Due to British sanctions, Friedman cannot pay the costs of maintaining the Victorian mansion he bought for £65 million. The businessman left Britain, he is now in Moscow, and plans to leave for Israel in the future.
Russian businessman Mikhail Fridman appealed to the High Court of London to be allowed to pay the costs of maintaining his London mansion, the Financial Times reports. Friedman bought the building for £65 million in 2016, the newspaper notes (at the Central Bank exchange rate at the time of publication, this is more than 7.6 billion rubles).
We are talking about a monthly payment of £30 thousand (3.5 million rubles) to the company that services the Victorian mansion Athlone House in north London and £1.85 thousand (218.5 thousand rubles) to pay for utilities ( television, lighting, heating, security). In addition, Friedman asks to be allowed to pay for the driver's services.
The claim was filed against the Treasury. For payments, the businessman wants to obtain a license from the Office of Financial Sanctions Enforcement (OFSI) agency. However, it opposes any changes. In particular, in relation to driver payments, OFSI argues that Friedman is able to travel on public transport (although it was accepted that he has special safety needs).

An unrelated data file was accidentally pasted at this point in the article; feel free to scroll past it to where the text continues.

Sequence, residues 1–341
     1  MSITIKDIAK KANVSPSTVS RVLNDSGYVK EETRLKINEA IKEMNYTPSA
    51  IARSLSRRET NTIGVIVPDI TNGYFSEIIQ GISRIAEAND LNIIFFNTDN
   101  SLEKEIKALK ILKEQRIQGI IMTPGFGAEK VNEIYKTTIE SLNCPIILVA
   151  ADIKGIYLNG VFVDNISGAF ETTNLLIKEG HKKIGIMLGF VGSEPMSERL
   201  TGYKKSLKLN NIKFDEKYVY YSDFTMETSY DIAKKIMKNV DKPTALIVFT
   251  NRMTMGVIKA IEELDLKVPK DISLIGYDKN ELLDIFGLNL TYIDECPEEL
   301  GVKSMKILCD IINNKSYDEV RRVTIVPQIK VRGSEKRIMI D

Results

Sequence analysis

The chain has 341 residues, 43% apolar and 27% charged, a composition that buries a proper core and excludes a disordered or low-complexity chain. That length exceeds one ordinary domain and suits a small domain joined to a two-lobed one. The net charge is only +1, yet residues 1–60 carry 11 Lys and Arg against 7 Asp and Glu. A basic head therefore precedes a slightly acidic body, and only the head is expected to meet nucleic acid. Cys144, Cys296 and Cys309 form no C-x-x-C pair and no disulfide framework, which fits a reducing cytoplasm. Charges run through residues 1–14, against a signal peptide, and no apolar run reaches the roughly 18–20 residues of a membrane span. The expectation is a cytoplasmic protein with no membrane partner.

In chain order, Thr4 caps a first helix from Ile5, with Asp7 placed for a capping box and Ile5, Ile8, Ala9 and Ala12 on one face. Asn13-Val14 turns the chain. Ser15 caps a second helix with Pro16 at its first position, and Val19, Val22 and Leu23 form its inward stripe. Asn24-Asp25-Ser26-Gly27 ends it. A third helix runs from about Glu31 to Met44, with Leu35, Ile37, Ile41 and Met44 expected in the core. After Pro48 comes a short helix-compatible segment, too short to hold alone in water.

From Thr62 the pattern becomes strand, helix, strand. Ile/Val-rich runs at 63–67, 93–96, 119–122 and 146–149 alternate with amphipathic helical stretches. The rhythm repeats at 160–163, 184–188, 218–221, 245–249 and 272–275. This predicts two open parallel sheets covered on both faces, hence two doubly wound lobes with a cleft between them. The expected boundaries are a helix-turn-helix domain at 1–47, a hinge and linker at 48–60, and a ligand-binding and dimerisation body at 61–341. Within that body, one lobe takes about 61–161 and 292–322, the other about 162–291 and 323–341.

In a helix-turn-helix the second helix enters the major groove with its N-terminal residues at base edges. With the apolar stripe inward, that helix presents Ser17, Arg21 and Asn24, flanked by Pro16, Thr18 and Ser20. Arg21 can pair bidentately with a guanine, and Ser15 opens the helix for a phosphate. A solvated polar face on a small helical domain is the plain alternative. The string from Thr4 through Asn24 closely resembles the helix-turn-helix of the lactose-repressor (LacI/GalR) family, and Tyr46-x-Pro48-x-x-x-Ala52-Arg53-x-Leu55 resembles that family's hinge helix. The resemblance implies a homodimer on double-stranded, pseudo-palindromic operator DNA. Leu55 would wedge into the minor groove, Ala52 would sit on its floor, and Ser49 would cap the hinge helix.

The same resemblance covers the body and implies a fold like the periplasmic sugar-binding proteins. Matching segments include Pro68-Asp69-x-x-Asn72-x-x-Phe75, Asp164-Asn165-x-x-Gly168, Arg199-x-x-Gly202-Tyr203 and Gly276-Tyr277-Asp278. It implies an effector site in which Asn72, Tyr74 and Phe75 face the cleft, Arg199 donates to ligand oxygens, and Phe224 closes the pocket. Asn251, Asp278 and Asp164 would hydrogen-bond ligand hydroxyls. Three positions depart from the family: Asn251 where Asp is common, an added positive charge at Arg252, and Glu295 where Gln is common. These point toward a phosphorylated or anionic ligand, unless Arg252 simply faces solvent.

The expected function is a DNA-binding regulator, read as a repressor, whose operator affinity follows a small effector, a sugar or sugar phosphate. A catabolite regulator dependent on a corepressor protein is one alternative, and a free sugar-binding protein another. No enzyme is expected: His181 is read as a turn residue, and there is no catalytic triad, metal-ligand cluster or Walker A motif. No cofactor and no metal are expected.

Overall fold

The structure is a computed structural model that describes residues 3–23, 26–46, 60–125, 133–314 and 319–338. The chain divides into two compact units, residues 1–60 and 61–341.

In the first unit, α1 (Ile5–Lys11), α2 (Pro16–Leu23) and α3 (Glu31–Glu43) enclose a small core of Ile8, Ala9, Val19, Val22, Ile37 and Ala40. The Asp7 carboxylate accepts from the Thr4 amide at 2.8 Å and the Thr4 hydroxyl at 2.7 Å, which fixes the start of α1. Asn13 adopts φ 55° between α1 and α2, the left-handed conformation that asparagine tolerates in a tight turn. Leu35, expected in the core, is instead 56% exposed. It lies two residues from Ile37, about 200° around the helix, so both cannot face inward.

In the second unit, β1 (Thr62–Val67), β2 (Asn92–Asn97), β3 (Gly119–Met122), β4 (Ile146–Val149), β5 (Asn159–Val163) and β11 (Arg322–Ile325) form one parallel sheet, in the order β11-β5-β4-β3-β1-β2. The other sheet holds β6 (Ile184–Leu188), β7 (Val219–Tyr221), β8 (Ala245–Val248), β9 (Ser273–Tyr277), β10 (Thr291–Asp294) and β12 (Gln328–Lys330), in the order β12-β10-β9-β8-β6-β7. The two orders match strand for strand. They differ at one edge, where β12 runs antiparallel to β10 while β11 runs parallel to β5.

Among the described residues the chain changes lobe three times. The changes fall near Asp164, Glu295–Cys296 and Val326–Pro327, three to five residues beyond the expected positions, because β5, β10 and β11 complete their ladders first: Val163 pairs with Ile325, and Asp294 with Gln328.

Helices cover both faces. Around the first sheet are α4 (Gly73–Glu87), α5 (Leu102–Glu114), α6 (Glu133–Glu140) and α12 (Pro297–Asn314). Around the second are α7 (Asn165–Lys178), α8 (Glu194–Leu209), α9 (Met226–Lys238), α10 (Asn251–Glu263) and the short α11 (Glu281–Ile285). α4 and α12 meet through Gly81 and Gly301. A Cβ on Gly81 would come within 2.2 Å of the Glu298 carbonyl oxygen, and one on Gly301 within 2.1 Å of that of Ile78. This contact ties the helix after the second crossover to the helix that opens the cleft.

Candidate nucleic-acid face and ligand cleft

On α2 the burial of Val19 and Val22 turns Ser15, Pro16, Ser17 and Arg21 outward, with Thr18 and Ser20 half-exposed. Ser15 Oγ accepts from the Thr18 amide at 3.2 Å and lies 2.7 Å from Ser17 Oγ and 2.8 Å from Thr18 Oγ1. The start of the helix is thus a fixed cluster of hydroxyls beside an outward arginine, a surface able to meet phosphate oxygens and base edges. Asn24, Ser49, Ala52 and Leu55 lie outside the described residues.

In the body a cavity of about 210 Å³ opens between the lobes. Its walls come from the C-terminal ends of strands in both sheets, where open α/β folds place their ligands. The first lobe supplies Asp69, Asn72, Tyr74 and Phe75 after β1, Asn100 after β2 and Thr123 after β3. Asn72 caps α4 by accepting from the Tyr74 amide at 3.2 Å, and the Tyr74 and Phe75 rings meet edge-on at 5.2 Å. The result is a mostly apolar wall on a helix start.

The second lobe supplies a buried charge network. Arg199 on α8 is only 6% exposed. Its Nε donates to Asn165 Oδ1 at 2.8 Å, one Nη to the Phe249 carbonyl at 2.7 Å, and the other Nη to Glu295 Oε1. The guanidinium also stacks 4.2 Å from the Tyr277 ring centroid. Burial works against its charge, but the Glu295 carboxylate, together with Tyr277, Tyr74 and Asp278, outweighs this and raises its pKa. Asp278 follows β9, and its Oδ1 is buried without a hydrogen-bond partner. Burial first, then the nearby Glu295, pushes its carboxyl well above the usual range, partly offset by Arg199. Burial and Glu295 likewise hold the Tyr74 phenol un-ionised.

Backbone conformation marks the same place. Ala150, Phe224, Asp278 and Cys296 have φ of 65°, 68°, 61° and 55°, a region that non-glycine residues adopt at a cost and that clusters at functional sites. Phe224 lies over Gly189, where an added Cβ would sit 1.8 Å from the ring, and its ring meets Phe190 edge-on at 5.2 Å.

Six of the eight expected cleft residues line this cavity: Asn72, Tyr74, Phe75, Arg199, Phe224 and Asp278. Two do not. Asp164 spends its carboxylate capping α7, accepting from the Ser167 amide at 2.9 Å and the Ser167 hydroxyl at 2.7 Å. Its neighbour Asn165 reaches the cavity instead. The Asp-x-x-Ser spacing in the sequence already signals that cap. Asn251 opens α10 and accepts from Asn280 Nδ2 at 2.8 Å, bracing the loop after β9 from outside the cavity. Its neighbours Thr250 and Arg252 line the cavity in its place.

Friedman's lawyer, Rachel Barnes, said the licenses were needed not to "maintain the lifestyle" of the businessman, but to maintain the historic property.
Friedman is under British, European and American sanctions. Last week, on October 9, a RBC source reported that the businessman left Britain for Israel, and is currently in Russia. The information was confirmed by Alfa Group, adding that Friedman “now plans to visit Russia regularly.”
The billionaire (Forbes estimates his fortune at $12.6 billion) explained his decision to move due to the “impossibility of living under sanctions.” He said that he plans to return from Moscow to Israel after “when everything settles down” - since October 7, there has been a war between Israel and the Palestinian Islamist movement Hamas.
Friedman complained that, due to being subject to sanctions, he faced inconvenience and did not know how to live further. In particular, his bank card was blocked in Britain, after which he had problems even with small expenses - for example, paying for the services of a cleaning lady.
“Maybe I should clean the house myself. This is fine. When I was a student, I lived in a small dorm room with four other people, but 35 years later this is unexpected,” Friedman said.